(1) Prof. (Dr.) N.R. Madhava Menon, former Director, National Judicial Academy, Bhopal;
(2) Mr. T.K. Viswanathan, former Secretary General, Lok Sabha and;
(3) Mr. Ranjit Kumar, Senior Advocate;
to go into the matter and submit a report to the Court. . In terms of the order of this Court, the Committee was duly constituted and after full deliberations in the matter, a report had been submitted by the Committee suggesting a set of guidelines for approval of this Court. Following the submission of the report, the petitioner requested that the said guidelines be approved by this Court and directions be issued under Article 142 of the Constitution of India for enforcement of the said guidelines until an appropriate legislation in this regard is brought into effect by the Parliament.
Overview of Guidelines Issued By Special Committee:
- Advertising campaigns are to be related to government responsibilities,
- Materials should be presented in an objective, fair and accessible manner and designed to meet objectives of the campaign,
- Not directed at promoting political interests of a Party,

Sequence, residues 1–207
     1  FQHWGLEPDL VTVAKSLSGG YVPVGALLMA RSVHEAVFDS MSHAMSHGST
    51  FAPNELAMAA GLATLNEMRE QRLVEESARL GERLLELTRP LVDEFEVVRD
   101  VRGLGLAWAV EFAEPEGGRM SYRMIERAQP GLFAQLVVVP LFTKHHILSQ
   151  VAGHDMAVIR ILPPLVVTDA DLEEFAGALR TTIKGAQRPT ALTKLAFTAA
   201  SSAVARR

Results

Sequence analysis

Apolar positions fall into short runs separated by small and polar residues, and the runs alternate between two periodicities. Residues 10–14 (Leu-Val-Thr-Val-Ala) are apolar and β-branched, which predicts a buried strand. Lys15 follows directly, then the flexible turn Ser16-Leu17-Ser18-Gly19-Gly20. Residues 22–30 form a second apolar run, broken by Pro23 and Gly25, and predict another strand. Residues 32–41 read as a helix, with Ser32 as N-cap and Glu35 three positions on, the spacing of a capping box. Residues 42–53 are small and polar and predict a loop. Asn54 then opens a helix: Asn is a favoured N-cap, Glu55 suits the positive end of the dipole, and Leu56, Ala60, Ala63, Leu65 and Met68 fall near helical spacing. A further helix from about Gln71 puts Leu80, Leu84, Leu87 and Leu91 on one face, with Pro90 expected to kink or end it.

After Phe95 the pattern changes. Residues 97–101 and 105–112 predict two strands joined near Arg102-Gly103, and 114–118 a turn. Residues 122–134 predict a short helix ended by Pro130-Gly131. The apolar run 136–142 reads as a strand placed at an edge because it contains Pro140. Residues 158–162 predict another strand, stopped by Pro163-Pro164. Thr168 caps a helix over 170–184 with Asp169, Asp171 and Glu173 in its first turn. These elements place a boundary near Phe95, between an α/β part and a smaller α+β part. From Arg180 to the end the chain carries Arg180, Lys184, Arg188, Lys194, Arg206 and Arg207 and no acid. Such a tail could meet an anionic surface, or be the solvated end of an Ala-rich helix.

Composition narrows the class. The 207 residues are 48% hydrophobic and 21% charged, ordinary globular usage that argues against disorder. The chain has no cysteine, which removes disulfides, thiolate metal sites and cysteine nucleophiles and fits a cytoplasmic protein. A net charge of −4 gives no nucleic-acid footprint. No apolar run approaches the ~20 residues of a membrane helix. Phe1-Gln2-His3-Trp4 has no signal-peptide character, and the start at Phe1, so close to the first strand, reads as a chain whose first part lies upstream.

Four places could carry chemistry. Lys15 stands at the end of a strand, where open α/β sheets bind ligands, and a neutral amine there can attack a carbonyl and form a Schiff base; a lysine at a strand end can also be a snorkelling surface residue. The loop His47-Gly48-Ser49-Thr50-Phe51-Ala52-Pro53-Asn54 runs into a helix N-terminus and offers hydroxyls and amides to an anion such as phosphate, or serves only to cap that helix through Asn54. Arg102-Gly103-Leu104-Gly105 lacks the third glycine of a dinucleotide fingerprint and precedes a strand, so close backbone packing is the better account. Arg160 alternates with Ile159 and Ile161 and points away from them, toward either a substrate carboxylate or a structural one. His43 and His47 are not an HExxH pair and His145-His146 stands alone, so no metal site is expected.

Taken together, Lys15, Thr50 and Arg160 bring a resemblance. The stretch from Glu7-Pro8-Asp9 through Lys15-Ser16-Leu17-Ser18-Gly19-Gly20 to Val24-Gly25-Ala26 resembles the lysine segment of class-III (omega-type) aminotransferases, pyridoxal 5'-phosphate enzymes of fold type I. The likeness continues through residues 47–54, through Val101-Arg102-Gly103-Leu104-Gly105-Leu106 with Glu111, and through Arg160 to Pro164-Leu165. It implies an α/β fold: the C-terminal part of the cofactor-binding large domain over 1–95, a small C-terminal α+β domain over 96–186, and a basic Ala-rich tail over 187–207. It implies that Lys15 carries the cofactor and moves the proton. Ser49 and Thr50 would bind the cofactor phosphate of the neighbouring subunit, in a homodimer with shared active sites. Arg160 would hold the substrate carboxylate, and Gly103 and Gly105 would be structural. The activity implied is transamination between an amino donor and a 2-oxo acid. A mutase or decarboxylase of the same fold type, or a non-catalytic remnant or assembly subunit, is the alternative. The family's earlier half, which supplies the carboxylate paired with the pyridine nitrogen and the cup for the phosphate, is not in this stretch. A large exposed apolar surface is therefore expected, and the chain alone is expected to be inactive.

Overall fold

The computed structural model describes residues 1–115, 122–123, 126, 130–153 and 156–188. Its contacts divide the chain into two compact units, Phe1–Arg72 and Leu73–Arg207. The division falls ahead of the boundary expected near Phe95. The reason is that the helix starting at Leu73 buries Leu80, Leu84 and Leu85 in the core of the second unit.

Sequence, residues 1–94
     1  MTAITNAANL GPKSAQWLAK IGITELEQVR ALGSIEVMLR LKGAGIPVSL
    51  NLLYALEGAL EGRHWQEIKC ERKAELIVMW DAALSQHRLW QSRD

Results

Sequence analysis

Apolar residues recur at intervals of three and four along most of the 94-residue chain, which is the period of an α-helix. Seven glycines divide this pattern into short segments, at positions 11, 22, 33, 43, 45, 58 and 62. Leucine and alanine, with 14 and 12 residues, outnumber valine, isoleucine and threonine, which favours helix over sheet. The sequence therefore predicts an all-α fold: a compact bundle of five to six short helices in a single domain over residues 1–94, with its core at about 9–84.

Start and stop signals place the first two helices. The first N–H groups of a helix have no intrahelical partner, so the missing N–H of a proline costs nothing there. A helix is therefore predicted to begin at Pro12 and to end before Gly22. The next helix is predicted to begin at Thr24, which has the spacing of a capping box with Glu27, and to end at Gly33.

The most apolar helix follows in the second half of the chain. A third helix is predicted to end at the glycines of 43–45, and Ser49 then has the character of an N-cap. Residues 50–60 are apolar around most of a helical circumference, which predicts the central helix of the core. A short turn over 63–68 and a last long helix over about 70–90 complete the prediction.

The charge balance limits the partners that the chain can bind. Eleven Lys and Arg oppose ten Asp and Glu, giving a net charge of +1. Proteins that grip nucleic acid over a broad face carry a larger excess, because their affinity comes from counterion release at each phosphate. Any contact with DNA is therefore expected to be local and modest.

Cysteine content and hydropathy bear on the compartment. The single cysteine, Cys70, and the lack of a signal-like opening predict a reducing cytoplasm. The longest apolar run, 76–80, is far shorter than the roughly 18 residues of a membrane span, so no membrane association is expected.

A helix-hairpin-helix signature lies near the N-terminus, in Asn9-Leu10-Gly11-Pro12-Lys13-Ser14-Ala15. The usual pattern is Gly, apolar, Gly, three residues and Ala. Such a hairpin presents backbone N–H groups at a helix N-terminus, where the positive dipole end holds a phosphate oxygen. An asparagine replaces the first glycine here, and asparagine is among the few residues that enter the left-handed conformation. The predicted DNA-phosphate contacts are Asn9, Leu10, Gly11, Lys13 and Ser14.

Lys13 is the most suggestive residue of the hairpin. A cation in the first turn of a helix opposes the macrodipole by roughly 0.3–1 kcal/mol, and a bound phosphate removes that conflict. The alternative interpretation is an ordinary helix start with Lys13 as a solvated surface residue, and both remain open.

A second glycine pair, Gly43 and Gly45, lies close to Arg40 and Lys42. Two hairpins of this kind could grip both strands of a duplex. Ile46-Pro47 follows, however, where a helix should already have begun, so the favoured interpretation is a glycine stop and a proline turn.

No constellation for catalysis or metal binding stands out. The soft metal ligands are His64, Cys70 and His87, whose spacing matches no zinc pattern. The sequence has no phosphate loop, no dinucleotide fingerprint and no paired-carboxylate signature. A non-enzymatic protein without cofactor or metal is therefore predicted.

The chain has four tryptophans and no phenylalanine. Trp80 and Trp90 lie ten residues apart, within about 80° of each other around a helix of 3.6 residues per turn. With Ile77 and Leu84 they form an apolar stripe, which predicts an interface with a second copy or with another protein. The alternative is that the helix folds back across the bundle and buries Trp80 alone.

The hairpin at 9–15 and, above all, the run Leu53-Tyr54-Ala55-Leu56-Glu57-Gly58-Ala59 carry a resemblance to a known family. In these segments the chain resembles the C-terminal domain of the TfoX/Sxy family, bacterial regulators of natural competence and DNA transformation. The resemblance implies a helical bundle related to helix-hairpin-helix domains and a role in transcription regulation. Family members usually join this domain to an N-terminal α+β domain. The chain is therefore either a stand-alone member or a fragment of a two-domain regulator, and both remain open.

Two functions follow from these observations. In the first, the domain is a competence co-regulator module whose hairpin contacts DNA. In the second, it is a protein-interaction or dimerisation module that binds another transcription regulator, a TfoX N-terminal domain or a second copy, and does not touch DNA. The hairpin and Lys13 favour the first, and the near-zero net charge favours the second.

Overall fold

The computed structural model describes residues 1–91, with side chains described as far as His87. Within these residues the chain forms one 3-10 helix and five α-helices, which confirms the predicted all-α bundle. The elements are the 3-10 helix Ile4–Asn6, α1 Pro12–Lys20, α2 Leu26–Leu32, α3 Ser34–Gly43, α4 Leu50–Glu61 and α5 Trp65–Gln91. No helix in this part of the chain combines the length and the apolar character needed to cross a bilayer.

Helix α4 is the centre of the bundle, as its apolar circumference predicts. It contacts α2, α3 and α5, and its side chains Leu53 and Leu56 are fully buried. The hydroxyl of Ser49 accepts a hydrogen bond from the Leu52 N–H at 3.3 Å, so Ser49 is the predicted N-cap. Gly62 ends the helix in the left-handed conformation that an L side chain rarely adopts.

- Campaigns must be justified and undertaken in an efficient and cost-effective manner and
- Advertisements must comply with legal requirements and financial regulations and procedures.
The State of Bihar had issues with regard to the recommendation to confine the publication of photographs of the President and the Prime Minister of the country and the Governor and the Chief Minister of the State. According to the State of Bihar such a restriction should not be imposed.
The Union, on the other hand, seriously disagreed with the recommendations of the Committee in respect of the following matters:
(1) Restricted publication of photographs of the Government functionaries and political leaders’ along with the advertisement etc.
(2) Appointment of an Ombudsman
(3) The recommendation with regard to performance audit by each Ministry.
(4) Embargo on advertisements on the evening of the elections.